1 Answer | Add Yours
The change in atmosphere is almost immediately discernible between chapters fourteen and fifteen of To Kill a Mockingbird by Harper Lee. It is not that we didn't feel the change coming, but we were not certain when it would happen. Chapter fifteen is when the trial for which the Finch family has been taking so much grief finally becomes a reality.
The basic plot of this chapter includes a rather odd meting on the Finch lawn, Tom Robinson moving to the Maycomb County jail the next day, Atticus going out unexpectedly at night, the three kids following him, and ending with the (what turned out to be) peaceful confrontation outside the jail. All of these events lead to the trial which begins in the next chapter. We can see chapter fifteen as a kind of transition, chapter, then. Because of that, it demonstrates some of the same atmosphere (most notably of innocence) as the first part of the novel, but it also introduces some new elements, such as fear and suspicion.
In an essay about the language in this chapter of the novel, all of those elements should be addressed: childlike innocence, fear, and suspicion. One organizational strategy for an essay, then, is to give examples of the language Lee uses to create these elements in the atmosphere. For example, Scout "burst[s] into the circle of light" at the jail, and we feel her innocence. The men "murmur," indicating something suspicious, and the prison is ominously described as "venerable and hideous," adding to an atmosphere of fear.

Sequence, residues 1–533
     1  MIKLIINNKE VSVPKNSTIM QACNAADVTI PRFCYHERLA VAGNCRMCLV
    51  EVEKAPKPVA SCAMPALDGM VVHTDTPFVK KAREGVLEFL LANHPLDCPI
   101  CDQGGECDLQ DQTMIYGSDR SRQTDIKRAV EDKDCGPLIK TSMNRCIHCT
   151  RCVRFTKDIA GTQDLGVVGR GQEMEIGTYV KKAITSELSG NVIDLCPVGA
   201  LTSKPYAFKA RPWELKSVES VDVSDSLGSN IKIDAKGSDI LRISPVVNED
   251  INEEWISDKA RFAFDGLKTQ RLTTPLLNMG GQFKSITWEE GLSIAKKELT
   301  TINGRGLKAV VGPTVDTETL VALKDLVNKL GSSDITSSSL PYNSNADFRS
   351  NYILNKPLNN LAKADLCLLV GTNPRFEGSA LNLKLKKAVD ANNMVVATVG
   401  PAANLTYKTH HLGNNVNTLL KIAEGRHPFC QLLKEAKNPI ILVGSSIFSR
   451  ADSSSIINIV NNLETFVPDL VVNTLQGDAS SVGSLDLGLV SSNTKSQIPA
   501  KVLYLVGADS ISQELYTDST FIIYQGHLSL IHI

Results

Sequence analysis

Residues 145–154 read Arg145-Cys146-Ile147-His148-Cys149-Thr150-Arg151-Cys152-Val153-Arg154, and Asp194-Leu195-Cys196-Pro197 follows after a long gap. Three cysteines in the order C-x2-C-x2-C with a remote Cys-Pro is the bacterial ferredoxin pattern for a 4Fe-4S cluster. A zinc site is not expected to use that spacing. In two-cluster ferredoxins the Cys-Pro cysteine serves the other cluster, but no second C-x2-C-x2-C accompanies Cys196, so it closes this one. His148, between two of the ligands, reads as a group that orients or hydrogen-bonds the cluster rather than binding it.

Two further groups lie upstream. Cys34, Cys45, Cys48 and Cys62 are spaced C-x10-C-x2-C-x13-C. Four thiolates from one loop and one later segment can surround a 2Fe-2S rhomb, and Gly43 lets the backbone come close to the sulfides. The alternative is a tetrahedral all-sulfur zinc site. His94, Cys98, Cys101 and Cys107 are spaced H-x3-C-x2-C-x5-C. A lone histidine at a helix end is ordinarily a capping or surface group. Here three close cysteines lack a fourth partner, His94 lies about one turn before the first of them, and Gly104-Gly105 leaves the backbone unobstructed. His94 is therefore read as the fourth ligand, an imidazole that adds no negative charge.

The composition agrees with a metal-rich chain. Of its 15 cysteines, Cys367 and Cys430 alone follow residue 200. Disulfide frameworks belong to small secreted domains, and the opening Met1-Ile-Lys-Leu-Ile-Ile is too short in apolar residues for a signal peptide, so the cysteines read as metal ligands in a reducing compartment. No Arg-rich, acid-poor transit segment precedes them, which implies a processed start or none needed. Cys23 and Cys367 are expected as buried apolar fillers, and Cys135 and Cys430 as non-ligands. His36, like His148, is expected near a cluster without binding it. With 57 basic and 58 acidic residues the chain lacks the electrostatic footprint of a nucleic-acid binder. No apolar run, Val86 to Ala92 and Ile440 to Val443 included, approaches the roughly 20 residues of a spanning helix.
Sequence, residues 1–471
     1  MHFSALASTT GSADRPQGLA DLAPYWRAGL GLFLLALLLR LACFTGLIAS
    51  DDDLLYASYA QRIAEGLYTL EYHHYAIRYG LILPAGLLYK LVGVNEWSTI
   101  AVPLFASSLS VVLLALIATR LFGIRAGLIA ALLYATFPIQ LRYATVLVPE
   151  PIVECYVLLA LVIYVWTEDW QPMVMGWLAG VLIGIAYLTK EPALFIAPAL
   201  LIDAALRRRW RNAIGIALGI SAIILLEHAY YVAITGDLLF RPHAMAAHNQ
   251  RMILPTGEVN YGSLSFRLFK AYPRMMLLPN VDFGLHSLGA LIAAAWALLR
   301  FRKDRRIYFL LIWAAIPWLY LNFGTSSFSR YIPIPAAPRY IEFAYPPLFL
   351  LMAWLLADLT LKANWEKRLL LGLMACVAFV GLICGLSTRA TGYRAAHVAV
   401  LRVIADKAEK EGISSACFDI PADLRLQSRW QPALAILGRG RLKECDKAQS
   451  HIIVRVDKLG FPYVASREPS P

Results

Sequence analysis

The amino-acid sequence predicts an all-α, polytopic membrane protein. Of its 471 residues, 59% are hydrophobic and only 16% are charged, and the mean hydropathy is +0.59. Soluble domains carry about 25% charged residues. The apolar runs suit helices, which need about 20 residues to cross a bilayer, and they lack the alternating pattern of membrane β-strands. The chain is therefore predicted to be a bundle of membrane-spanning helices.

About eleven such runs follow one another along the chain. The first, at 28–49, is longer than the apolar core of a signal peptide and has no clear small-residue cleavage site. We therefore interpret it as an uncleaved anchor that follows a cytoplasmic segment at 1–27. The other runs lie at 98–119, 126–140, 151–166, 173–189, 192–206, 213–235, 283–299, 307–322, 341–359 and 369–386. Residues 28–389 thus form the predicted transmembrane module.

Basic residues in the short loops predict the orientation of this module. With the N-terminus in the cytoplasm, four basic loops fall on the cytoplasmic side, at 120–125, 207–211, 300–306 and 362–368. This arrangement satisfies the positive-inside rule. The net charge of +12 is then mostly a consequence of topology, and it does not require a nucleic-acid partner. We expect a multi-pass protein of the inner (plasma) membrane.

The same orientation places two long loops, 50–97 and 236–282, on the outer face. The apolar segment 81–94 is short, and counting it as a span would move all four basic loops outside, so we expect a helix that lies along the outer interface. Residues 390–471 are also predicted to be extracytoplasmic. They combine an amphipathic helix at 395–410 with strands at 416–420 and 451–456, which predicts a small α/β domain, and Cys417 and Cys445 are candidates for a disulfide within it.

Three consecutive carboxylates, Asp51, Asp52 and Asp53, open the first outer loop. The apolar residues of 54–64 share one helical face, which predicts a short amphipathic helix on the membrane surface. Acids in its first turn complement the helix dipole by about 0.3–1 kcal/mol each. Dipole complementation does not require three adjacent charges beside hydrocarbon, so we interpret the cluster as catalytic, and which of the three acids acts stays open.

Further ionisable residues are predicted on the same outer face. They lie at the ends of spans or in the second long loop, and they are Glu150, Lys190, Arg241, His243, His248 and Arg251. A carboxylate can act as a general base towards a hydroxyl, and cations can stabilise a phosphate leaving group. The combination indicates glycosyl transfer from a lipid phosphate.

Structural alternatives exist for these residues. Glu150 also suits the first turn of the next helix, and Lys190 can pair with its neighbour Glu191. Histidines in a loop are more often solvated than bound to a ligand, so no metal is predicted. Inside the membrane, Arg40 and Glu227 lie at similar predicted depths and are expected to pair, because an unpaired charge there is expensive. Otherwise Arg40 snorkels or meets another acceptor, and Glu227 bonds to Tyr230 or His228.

In a broader sense, language could include dialogue, and of course there are all kinds of examples of these three emotions in the dialogue in this chapter. For example, Scout's innocent question
“Hey, Mr. Cunningham. How’s your entailment gettin‘ along?”
reminds us both of her naivete and a more innocent time in the story. In the same scene, fear is palpable when Atticus realizes the danger his children are in. His terse and repeated order to Jem to "Go home" is like nothing we have heard from the reasonable father, a sure sign of his fear. Aunt Alexandra's overheard comments and the whispers of conversation on Atticus's front lawn are also clear indicators of fear. We recognize suspicion when Jem asks Atticus about the men on the lawn:
“It wasn’t a—a gang?”
The suspicion comes mostly from the kids because there is so much going on that they do not understand.
Another component of language is the use of details to create these this transitional atmosphere. For example, Jem's "foolproof plan to make Boo Radley come out" is to leave a trail of lemon drops creates a childlike atmosphere. The whispers of the men on the front lawn create suspicion, and the ominous image of Atticus sitting under the dim light of the jailhouse when four dusty cars appear and the men inside them get out creates a sense of fear.
One clear organizational strategy for this essay, then, might be to discuss these three key emotions (or any others you might want to include) which are used to create atmosphere and how they are portrayed through language. Depending on how you have been instructed to define "language," you might also include three language strategies (such as description, dialogue, and details) to explain how Lee creates the atmosphere in this chapter. Perhaps you are not allowed to do this, but it might be interesting to examine how Lee's use of language in this chapter differs from how she uses it in other chapters (primarily the addition of fear and suspicion).
We’ve answered 317,846 questions. We can answer yours, too.Ask a question